Having reviewed the transcript of the guilty plea hearing, as well as the parties' submissions, the court concludes that Watson's waiver of his appellate and collateral review rights in exchange for certain promises from the government was knowing and voluntary. As mandated by Mabry, the transcript of the plea hearing reflects that the court explained the specific terms of the plea agreement and questioned Watson to confirm that he understood the meaning of the provisions. The court assured that Watson was competent, and that he had a full opportunity to discuss the agreement with counsel and make an informed decision. Notably, the court reviewed the waiver paragraph with Watson in detail, and explained the rights Watson was relinquishing in exchange for the deal with the government. This dialogue clearly demonstrates that Watson's waiver was knowing and voluntary.

B. Scope of the Waiver

The next question is whether Watson's sole argument in his§ 2255 motion falls into any of the exceptions to the waiver. It does not. The government did not appeal the sentence, and Watson does not challenge his sentence on the ground that that the sentence exceeds the statutory limits or that the court applied an upward variance from the final sentencing guideline range as calculated by the court.[1] Thus, Watson's instant FSA argument cannot prevent the enforcement of the waiver.

C. Miscarriage of Justice

Finally, the court must determine if enforcing the waiver will result in a miscarriage of justice. Although the Third Circuit has refrained from identifying a specific list of circumstances to consider before invalidating a waiver for creating a miscarriage of justice, the Third Circuit has recognized that a miscarriage of justice may result by enforcing an appellate/collateral waiver where there has been ineffective assistance of counsel in connection with the negotiation of the waiver. See United States v. Shedrick, 493 F.3d 292, 298 (3d Cir. 2007). Here, however, Watson does not allege any deficient conduct by his attorney in relation to the plea agreement or waiver. Watson's § 2255 motion also does not contend that there were any defects in the waiver agreement or that he did not understand, or involuntarily entered into, the plea agreement. Instead, Watson submits that the FSA, enacted after he was sentenced, retroactively applies to his situation and necessitates a reduction in his sentence. Significantly, Watson does not explain how his FSA claim renders the appellate waiver provision ineffective or how enforcement of the waiver would constitute a miscarriage of justice. As previously noted, the record clearly reflects that Watson entered into the plea agreement knowingly and voluntarily, and the court sentenced Watson to the minimum mandatory sentence. Based on this record, the court concludes that enforcing the waiver will not result in a miscarriage of justice.

Accordingly, the court will grant the government's motion to dismiss and deny Watson's § 2255 motion.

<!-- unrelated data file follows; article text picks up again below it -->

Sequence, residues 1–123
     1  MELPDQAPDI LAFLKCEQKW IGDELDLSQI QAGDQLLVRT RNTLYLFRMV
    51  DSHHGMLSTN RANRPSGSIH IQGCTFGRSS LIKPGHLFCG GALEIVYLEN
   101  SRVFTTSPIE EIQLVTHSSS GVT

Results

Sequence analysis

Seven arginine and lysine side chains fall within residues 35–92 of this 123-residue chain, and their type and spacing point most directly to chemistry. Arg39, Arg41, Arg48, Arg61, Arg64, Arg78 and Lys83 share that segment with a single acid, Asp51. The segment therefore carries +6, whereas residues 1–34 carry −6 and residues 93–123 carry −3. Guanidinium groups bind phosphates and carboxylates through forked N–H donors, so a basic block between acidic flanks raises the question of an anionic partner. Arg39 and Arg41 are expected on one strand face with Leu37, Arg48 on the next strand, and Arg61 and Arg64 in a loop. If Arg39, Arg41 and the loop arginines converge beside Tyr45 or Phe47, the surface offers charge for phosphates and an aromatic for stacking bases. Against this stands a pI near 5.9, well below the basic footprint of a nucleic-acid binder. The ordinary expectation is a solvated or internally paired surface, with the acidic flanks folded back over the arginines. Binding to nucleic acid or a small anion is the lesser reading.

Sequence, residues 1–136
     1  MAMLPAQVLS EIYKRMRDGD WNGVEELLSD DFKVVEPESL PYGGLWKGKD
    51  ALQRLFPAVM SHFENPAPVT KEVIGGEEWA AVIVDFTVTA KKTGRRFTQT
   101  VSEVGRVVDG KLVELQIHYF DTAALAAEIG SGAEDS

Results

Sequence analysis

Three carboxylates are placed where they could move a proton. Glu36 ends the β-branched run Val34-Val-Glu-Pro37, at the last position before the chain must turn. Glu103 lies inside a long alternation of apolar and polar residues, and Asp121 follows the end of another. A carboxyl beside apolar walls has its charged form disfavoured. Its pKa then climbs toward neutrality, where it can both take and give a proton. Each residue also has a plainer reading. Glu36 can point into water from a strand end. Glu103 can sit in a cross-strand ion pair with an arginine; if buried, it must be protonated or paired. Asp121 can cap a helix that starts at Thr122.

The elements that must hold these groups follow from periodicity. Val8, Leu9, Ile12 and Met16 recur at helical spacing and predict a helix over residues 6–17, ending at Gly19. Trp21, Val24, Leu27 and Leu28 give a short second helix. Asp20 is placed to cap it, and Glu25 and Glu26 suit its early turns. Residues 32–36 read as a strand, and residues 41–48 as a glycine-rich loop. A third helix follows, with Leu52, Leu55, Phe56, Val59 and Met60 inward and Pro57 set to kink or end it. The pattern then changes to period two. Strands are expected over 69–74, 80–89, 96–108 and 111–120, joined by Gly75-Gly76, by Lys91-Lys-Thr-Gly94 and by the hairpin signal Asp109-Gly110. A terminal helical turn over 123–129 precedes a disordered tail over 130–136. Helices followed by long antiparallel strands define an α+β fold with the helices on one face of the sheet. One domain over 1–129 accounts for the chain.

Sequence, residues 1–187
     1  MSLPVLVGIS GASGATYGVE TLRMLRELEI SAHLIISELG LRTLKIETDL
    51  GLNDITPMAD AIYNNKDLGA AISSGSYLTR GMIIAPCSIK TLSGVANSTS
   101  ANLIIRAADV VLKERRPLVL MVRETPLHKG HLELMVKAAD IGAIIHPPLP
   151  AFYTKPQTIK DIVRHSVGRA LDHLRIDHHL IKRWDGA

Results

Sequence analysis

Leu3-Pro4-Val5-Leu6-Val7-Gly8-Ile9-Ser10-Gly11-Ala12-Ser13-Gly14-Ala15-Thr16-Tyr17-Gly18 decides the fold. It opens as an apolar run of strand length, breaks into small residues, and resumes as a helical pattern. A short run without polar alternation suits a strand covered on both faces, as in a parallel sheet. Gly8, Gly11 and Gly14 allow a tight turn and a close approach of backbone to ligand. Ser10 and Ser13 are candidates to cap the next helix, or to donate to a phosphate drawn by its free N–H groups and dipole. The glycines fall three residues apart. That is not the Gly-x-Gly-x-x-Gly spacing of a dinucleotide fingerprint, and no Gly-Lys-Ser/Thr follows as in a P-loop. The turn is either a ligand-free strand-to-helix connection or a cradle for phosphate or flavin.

A district court is not required to hold an evidentiary hearing on a motion filed pursuant to 28 U.S.C. § 2255 if the "motion and the files and records of the case conclusively show" that the movant is not entitled to relief. 28 U.S.C. § 2255; see also United States v. Booth, 432 F.3d 542, 545-46 (3d Cir. 2005); United States v. McCoy, 410 F.3d 124, 131 (3d Cir. 2005); Rule 8(a), 28 U.S.C. foll. § 2255. The record conclusively demonstrates that Watson is not entitled to relief under§ 2255. Therefore, the court concludes that an evidentiary hearing is not warranted.


A district court issuing a final order denying a§ 2255 motion must also decide whether to issue a certificate of appealability. See 3d Cir. L.A.R. 22.2 (2011). A certificate of appealability is appropriate only if the movant "has made a substantial showing of the denial of a constitutional right." 28 U.S.C. § 2253(c)(2). The movant must "demonstrate that reasonable jurists would find the district court's assessment of the constitutional claims debatable or wrong." Slack v. McDaniel, 529 U.S. 473, 484 (2000). Where, as here, the court denies a 2255 motion on procedural grounds without reaching the movant's underlying constitutional claims, the movant must show that "jurists of reason would find it debatable whether the district court was correct in its procedural ruling." Id. at 484.

The court has concluded that Watson's §2255 motion is barred by the plea agreement's waiver provision. The court is persuaded that reasonable jurists would not find this assessment debatable. Therefore, the court will not issue a certificate of appealability.


The court concludes that Watson is not entitled to relief pursuant to 28 U.S.C. § 2255. An appropriate order will issue.


For the reasons set forth in the Memorandum Opinion issued in this action today, IT IS HEREBY ORDERED that:

1. The government's motion to dismiss is GRANTED. (DI. 41)

2. Movant Kwadzo Watson's motion to vacate, set aside, or correct sentence pursuant to 28 U.S.C. § 2255 is DENIED. (D.I. 36)

3. A certificate of appealability will not issue for failure to satisfy the standard set forth in 28 U.S.C. § 2253(c)(2).

4. The clerk of the court is directed to close the case.